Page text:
In a short series of Posts, I will look at mediators and how they experience, and should deal with, the corrupt conduct by one or more parties to the mediation.
The issue is not that a party seeks to influence the mediator. Rather, the Posts concern the situation where corruption played in a role in the transaction that gave rise to the dispute that is mediated.
Corruption in trade, commerce and investment
Corruption is not a new trend. In 2005, the then Secretary-General of the United Nations, Kofi Annan, remarked in his Foreword to the United Nations Convention Against Corruption, that corruption is an:
“… insidious plague that has a wide range of corrosive effects on societies. It undermines democracy and the rule of law, leads to violations of human rights, distorts markets, erodes the quality of life, and allows organized crime, terrorism, and other threats to human security to flourish …”.
Today, corruption in international trade, commerce and investment remains a reality. Recent initiatives, such as the Belt and Road Initiative or the adoption of the 2019 Singapore Convention, shine a spotlight on the issue. The chances that dispute resolution practitioners are called upon to assist with the resolution of a dispute where corrupt conduct could be an issue are ever-increasing.
Corruption and arbitration
For some years now, the issue has been the subject of considerable consideration in the context of arbitration. But far less has been written on the impact such conduct may have in mediations, and in particular on the mediator.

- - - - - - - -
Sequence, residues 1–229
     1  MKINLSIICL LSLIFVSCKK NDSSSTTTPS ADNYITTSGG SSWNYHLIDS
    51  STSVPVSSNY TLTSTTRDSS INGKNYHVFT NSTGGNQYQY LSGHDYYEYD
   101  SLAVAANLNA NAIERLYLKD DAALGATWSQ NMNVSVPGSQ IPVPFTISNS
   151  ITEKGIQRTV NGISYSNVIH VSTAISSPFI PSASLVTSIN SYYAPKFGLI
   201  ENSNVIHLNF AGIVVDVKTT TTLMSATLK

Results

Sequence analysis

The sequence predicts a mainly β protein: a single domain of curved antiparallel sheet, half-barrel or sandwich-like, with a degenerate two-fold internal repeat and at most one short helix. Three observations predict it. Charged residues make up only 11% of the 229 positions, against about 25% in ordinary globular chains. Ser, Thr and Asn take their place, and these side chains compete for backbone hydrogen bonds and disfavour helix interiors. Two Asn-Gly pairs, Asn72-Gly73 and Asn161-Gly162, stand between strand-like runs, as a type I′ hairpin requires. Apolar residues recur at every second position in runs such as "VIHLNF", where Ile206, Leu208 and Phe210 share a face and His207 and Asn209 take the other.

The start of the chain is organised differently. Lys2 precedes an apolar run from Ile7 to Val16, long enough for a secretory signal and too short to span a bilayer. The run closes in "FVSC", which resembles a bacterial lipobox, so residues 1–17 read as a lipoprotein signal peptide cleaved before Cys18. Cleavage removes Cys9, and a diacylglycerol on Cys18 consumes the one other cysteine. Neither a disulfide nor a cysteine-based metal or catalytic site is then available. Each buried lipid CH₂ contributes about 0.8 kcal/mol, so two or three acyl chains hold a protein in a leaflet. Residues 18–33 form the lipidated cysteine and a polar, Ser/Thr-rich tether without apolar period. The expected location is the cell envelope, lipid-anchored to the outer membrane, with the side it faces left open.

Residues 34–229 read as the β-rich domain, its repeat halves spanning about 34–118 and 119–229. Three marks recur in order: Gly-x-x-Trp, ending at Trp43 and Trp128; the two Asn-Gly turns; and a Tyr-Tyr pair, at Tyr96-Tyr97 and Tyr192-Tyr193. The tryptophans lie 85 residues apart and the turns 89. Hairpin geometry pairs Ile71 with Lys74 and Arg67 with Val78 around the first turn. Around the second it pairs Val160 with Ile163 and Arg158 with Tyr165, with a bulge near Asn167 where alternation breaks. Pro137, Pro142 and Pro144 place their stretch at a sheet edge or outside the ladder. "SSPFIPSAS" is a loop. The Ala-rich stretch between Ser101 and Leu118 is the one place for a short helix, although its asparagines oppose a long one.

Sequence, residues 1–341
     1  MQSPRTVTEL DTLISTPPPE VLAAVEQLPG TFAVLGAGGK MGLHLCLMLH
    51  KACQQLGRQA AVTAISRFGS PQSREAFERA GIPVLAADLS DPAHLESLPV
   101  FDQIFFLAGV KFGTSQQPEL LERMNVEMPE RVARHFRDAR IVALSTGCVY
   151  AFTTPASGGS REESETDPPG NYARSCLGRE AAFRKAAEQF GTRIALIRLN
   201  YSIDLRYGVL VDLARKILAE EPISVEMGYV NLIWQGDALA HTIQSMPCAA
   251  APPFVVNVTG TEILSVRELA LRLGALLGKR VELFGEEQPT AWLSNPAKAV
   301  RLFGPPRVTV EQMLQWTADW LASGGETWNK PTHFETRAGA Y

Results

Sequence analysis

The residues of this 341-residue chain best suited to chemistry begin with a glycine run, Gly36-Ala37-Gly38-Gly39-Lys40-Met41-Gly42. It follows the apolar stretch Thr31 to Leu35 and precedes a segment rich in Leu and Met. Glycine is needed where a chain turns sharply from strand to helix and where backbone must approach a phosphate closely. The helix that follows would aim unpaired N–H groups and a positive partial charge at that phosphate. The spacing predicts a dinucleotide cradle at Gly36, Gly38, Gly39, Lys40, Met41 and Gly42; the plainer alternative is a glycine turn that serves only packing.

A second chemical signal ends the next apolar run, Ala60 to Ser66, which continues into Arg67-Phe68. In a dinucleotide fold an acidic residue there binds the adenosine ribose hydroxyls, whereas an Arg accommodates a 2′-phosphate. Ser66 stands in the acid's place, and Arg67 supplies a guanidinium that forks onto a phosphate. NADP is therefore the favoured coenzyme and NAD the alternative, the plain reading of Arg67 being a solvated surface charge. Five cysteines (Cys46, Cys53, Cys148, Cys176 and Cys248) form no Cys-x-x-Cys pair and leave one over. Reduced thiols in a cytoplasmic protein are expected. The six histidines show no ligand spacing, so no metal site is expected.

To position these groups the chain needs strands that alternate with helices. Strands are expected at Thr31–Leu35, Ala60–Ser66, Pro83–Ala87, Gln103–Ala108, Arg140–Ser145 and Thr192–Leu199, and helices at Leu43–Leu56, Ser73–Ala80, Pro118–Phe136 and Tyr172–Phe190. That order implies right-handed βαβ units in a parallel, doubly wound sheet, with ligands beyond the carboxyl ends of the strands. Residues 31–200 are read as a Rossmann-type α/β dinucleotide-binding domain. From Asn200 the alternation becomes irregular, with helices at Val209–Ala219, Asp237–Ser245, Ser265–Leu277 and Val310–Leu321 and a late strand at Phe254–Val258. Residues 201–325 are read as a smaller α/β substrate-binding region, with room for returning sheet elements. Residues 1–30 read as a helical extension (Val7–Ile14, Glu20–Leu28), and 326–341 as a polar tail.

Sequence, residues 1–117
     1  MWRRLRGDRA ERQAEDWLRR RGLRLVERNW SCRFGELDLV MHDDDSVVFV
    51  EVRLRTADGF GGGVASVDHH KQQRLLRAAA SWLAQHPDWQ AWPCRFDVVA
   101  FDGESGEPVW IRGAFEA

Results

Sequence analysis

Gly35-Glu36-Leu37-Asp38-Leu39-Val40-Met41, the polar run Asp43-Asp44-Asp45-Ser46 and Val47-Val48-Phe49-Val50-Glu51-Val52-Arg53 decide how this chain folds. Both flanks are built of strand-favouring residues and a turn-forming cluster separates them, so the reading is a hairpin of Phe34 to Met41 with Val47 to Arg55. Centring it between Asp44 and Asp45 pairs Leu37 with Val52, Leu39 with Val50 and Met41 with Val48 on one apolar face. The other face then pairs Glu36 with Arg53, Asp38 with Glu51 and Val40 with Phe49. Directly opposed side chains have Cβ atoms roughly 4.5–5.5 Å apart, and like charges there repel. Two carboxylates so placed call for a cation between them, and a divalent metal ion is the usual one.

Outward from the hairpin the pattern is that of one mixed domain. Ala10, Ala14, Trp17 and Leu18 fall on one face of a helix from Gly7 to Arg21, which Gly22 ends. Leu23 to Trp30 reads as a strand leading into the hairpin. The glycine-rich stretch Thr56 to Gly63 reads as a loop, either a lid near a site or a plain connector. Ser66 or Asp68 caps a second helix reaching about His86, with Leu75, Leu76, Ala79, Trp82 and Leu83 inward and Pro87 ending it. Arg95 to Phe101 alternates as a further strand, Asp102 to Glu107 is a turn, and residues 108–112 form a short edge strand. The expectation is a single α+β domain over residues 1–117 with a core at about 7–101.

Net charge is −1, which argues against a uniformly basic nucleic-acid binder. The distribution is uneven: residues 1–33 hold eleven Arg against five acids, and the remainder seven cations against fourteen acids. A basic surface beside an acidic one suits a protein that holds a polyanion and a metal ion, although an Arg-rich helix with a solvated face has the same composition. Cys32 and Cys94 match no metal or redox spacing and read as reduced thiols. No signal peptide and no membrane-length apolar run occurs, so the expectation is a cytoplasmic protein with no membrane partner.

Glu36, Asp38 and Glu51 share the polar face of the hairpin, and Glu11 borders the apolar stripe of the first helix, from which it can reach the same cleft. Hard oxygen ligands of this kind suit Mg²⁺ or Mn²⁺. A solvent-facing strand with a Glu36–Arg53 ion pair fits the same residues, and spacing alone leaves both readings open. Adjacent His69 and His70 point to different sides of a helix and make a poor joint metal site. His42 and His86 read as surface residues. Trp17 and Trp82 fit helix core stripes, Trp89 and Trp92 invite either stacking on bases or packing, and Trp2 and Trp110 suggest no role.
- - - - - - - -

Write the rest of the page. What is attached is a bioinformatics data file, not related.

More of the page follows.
Thus, the following Blogs will consider how mediators can become aware that corrupt conduct of one or more parties to the mediation may be an issue in the mediation as well as the challenges this can present to mediators.
Specifically, I will explain how mediators can learn about, and familiarize themselves with, the tell-tale signs of possible corrupt conduct; the important decisions and decisive steps mediators must take when they suspect possible corrupt conduct; and the – potentially significant – ramifications that may arise if mediators act incorrectly or fail to act entirely.
 K Annan “Foreword to the United Nations Convention Against Corruption (UNCAC)”, 2349 UNTS 41 (EIF 14 December 2005).
 See T John and R Gulati “The “One Belt, One Road” Strategy – the role of private international law in combatting and strengthening anti-corruption standards transnationally”, in P Sooksripaisarnkit, S R Garimella (eds) China’s One Belt One Road Initiative and Private International Law, Routlegde (2020). See also Justice Datuk H H S bin Abu Backer FCIArb “Singapore Mediation Convention: Is the Rule of Law Intact?”.